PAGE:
What you say about red blood cell levels kind of rings true. I've never been properly anemic because I always make sure it doesn't happen. But I start to feel like being at high altitude just walking along the seashore when ferritin drops below 30. Try to explain that to a doctor who thinks you should not have any problems until levels drop below 15. Suddenly this starts to make sense!

    Ok, off to bed. My head is spinning. Still need to get some sleep. I'll probably get a GP appointment tomorrow as it's not really a problem here. Phew!
  • yirarayirara Member, Premium Posts: 5,926 Member Member, Premium Posts: 5,926 Member
    I just like updates: Went to GP today. She looked at me like :o and referred me to an internal specialist. I asked for endo, but apparently there's more gatekeeping for vague things that go on forever. Thus first internal medicine. Waiting times are currently 2 weeks. Thus not too bad.
  • claireychn074claireychn074 Member, Premium Posts: 423 Member Member, Premium Posts: 423 Member
    Have you ever had your catecholamine levels a checked? If you get referred on further to an endocrinologist it might be worth asking for a test....
  • yirarayirara Member, Premium Posts: 5,926 Member Member, Premium Posts: 5,926 Member
    Have you ever had your catecholamine levels a checked? If you get referred on further to an endocrinologist it might be worth asking for a test....

    I never had anything checked! I went to a cardiologist at around 20 when physically working out didn't work, and he just told me: "Hun, you're normal weight, your heart and lungs are fine. You just have to do better" Well.. 26 years later I apparently have not done my best in all those years. There's a difference between being theoretically fit enough to run a marathon and actually running one if running feels like you're running at an altitude of 4000m. (don't ask me how I actually feel like at high altitude).

    And with regards to nothing done: nope, the acid-base problem I sometimes get after exercise has never been investigated either. Just a standard blood test, no follow up with an arterial blood gas test, thus I still don't know what's going on 6.5 years after this happened the first time.
  • claireychn074claireychn074 Member, Premium Posts: 423 Member Member, Premium Posts: 423 Member
    @yirara Happy to give you some info about my own experiences if you want to message me. Everyone’s different but if it only excludes something for you, then that’s got to be a help in the long run!
  • ninerbuffninerbuff Member, Greeter, Premium Posts: 44,508 Member Member, Greeter, Premium Posts: 44,508 Member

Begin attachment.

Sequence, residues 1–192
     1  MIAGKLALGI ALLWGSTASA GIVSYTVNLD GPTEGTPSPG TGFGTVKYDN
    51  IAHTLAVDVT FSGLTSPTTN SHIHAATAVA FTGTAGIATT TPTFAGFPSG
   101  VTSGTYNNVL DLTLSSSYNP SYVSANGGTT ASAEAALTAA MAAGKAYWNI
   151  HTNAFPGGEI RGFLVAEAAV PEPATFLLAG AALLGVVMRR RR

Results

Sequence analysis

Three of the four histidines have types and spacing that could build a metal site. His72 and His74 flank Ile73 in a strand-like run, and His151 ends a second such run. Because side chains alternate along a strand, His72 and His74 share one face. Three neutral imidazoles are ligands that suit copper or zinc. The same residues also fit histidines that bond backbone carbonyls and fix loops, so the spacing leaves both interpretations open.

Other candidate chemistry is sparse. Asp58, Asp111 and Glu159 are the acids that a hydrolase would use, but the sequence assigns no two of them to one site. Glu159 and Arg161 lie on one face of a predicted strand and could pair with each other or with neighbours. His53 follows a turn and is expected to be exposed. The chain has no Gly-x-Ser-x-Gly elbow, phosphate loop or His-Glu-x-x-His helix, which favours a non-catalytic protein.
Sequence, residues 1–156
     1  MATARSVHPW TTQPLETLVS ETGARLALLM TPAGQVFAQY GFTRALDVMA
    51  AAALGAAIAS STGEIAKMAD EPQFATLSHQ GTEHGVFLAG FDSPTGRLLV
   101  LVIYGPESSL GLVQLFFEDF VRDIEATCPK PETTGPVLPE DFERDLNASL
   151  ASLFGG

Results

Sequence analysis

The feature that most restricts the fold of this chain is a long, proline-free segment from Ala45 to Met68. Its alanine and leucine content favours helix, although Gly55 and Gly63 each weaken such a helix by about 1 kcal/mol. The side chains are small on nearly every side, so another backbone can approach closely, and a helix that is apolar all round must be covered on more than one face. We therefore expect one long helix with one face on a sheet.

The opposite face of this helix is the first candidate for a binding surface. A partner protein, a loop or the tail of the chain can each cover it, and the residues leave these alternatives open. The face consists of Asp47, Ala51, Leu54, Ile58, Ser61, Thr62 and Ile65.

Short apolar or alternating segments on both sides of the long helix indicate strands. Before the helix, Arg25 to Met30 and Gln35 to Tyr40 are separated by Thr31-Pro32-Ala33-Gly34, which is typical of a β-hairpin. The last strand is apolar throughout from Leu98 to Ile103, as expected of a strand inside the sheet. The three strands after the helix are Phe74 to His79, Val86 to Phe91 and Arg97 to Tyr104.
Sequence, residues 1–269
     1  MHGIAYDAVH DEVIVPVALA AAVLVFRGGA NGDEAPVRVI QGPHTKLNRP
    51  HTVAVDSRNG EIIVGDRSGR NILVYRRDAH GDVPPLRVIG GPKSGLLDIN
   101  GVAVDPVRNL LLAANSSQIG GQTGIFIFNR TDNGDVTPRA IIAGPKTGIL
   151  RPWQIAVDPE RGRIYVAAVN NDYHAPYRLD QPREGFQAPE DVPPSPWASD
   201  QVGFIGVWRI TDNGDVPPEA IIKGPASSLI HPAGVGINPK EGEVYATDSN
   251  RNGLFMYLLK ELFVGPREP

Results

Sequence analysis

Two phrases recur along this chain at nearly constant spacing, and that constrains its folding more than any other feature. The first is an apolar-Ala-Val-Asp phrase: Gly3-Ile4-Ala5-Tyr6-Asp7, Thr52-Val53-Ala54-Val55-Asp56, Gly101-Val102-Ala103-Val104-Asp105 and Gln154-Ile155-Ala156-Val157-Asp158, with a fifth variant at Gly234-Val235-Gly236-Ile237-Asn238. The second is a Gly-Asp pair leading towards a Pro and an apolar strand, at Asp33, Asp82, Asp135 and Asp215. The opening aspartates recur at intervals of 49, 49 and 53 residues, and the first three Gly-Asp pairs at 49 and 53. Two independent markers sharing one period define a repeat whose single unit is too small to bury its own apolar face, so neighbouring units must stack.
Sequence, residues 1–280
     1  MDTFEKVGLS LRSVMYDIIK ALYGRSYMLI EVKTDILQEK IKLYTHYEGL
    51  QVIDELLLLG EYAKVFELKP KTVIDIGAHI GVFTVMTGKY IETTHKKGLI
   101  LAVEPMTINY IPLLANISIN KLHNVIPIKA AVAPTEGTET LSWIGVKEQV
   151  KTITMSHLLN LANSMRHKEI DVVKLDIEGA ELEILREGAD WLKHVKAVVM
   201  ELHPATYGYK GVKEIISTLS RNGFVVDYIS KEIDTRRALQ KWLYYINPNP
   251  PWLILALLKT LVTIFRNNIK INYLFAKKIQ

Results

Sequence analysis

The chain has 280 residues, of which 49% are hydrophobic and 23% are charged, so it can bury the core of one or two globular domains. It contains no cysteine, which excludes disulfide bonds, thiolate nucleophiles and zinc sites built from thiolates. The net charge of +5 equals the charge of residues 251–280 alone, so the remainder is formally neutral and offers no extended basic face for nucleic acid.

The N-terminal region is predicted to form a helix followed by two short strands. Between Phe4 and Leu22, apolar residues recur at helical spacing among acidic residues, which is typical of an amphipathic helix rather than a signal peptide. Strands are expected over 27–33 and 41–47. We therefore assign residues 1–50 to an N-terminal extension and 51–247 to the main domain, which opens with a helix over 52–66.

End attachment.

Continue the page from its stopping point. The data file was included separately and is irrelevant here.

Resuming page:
Since everything in the body is a chemical reaction, any disruption of regular processes will have different outcomes. Just like when people attain insulin resistance from disrupting their normal weight by getting very overweight or obese.

    A.C.E. Certified Personal and Group Fitness Trainer
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  • yirarayirara Member, Premium Posts: 5,926 Member Member, Premium Posts: 5,926 Member
    Oh great. So that's some answer: apparently I get lactic acidosis from actually very little exercise. So that's now certain. Sigh.
  • heybalesheybales Member, Premium Posts: 18,558 Member Member, Premium Posts: 18,558 Member
    Hmmm - did they look at the red blood cells and their ability to carry expected levels of oxygen?

    I'm still wondering why the body is producing that much in the first place, that would be like upper reaches of intensity in a workout to produce big quantities that can't be handled by the cells using it for energy, or liver processing it.

    Explains a lot though. I guess when people talk about exercise and "feeling the burn" - you can remark you feel that often and easy.

    One of those sorry they found something, but glad they found something.
    Is there a next step?
  • yirarayirara Member, Premium Posts: 5,926 Member Member, Premium Posts: 5,926 Member
    Thanks a lot heybales. Yes, red blood cells are fine. Actually, even when I'm slightly anemic according to ferritin my red blood cells are middle of range, or even a bit higher. It seems like my body is producing them like crazy to transport as much oxygen as possible. Which again seems useless. I'll be discussing the results next week, and then we see what to do.